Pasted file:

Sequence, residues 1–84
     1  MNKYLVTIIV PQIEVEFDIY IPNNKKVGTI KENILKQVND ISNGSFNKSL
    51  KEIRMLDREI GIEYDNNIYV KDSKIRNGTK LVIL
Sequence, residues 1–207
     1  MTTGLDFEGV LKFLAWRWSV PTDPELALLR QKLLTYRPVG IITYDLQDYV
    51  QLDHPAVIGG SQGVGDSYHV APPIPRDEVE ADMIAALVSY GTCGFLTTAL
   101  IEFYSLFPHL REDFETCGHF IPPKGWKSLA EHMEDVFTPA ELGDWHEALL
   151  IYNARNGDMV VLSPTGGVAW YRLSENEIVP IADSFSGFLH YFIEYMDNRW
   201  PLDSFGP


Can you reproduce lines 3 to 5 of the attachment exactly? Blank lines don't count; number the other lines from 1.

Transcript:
    51  KEIRMLDREI GIEYDNNIYV KDSKIRNGTK LVIL
Sequence, residues 1–207
     1  MTTGLDFEGV LKFLAWRWSV PTDPELALLR QKLLTYRPVG IITYDLQDYV